Nov. 19 (Bloomberg) -- Rural/Metro Corp., the bankrupt ambulance service, won a judge’s tentative approval for a lawsuit settlement that will distribute as much as $11.6 million to stockholders of record before a $438 million buyout in 2011.
Investors sued Rural/Metro, based in Scottsdale, Arizona, in April 2011 contending the $17.25-a-share offer by Warburg Pincus LLC was “grossly inadequate.”
The settlement “delivered real value,” Delaware Chancery Court Judge J. Travis Laster said at a hearing in Wilmington today. “Getting that cash was not easy.”
Laster also awarded plaintiffs’ lawyers more than $4 million in fees and expenses. The agreement is subject to review by the U.S. Bankruptcy Court.
The settlement is being funded with $5 million from financial adviser Moelis & Co. and the rest from Rural/Metro. The fairness of Moelis’s financial analysis had been questioned, according to court papers. As part of the settlement, defendants deny all allegations of wrongdoing and deny they acted improperly.
The buyout was completed on June 30, 2011. The company filed for Chapter 11 bankruptcy protection in Wilmington on Aug. 4, in a reorganization aimed at eliminating more than $300 million in debt. Rural/Metro cited “reduced revenue and delayed cash collections” as a reason for its distress.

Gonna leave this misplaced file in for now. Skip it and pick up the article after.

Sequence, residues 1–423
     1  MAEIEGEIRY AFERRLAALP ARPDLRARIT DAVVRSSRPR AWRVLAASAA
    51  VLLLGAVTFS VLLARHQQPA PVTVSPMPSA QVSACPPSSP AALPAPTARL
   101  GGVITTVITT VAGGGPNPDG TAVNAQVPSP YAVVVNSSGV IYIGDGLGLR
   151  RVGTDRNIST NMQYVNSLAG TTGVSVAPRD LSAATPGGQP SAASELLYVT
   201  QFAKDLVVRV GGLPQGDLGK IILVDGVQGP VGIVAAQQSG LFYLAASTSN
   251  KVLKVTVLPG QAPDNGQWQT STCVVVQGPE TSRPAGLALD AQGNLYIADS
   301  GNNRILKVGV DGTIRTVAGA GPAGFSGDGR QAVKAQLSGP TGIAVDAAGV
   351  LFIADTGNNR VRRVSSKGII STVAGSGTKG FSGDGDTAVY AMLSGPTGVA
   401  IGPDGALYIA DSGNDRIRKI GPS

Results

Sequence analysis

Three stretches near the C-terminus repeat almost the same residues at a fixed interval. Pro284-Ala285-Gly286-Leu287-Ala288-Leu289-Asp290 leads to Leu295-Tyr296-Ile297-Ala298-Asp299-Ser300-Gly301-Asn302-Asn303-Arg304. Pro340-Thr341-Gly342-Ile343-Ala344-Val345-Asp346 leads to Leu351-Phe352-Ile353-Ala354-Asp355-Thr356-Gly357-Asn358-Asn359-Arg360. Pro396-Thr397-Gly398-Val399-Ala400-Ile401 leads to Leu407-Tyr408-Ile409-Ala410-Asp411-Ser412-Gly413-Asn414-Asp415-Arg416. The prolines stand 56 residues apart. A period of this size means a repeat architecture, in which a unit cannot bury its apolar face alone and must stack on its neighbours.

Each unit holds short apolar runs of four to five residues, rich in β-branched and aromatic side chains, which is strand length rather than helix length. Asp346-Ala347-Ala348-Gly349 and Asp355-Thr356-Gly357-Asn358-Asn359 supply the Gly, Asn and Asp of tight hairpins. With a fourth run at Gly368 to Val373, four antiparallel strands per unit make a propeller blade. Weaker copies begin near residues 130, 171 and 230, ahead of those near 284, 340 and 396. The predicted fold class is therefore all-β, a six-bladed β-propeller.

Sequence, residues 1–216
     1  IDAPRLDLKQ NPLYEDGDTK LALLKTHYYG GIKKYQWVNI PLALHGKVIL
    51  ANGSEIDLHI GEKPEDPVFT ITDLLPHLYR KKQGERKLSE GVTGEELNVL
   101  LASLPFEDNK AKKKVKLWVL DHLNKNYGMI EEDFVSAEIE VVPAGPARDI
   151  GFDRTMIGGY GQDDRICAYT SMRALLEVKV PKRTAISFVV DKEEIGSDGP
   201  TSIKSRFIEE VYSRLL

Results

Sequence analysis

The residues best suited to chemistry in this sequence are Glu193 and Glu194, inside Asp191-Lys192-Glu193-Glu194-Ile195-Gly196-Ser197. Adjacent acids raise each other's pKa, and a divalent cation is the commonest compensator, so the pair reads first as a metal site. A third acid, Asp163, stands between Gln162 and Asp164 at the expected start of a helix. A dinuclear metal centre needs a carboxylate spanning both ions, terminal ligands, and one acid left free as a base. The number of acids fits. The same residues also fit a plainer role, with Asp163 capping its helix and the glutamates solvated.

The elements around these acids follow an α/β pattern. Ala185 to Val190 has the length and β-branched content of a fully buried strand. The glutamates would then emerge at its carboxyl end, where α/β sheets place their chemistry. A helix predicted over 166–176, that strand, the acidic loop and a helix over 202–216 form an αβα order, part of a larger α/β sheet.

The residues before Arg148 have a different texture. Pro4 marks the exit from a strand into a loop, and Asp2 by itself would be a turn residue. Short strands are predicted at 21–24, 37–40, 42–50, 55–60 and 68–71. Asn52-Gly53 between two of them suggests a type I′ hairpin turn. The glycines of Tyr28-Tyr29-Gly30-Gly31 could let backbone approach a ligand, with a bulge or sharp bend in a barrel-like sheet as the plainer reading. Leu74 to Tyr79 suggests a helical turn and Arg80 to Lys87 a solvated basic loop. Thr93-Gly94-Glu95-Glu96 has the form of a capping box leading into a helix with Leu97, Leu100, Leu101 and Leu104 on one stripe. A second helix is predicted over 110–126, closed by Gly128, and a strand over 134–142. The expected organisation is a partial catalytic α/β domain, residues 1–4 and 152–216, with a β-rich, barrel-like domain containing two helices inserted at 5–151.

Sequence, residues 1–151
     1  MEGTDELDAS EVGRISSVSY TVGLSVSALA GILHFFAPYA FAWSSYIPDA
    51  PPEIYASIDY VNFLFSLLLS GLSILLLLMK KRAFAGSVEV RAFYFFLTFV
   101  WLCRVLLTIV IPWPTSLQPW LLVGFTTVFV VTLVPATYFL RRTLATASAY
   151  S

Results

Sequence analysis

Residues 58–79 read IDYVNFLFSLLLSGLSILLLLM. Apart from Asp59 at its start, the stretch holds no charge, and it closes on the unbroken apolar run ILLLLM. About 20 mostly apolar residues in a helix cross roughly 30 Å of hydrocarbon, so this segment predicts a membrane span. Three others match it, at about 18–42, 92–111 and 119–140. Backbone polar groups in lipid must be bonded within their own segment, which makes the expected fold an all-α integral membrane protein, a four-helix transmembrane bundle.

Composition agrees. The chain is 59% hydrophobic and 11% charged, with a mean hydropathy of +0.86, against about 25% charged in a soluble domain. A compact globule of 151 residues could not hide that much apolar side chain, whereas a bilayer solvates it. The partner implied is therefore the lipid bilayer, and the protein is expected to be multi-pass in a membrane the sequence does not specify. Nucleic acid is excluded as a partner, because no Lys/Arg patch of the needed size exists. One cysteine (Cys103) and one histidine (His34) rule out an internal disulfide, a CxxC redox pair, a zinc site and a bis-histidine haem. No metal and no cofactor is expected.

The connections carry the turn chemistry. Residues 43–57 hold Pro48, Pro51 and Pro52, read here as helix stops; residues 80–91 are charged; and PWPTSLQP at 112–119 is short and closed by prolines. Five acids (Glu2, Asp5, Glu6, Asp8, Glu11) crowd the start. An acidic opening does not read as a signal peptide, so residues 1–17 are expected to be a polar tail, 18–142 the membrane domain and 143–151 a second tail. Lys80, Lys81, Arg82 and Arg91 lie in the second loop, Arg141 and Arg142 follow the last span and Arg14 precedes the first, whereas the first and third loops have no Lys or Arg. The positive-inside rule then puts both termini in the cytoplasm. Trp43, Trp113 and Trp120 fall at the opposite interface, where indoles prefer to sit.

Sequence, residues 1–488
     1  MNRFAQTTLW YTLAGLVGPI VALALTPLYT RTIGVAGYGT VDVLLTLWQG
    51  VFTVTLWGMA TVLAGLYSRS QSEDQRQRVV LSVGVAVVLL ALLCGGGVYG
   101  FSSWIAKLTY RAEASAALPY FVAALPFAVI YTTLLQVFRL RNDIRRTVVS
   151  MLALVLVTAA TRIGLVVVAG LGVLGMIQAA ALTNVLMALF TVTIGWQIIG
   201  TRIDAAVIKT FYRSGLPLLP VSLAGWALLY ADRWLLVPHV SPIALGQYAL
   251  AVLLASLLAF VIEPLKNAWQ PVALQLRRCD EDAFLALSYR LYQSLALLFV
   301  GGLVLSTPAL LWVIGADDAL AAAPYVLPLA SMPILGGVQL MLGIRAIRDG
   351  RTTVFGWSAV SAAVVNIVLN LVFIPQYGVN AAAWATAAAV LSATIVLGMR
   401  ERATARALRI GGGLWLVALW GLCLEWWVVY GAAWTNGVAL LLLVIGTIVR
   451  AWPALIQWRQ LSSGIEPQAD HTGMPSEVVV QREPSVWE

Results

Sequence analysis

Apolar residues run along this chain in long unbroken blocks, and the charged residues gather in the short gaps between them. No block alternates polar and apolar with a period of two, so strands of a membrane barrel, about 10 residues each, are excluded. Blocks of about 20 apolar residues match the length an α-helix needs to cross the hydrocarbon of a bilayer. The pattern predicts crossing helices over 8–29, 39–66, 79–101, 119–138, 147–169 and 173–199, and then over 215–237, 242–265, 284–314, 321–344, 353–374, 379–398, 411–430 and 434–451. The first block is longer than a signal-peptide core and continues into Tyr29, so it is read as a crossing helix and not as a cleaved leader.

Shareholders received a 37.5 percent premium in the deal, said Andrea Hurst a Moelis spokeswoman.
“Moelis acted appropriately in all respects,” and “decided to resolve this matter to avoid the continued burden, expense and distraction of litigation,” she said in a phone interview.
Ed Trissel, a Warburg Pincus spokesman, didn’t immediately respond to a request for comment on the settlement. Both companies are based in New York.
The case is In re Rural/Metro Corp. Shareholders Litigation, CA6350, Delaware Chancery Court (Wilmington). The bankruptcy is In re Rural/Metro, 13-bk-11952, U.S. Bankruptcy Court, District of Delaware (Wilmington).
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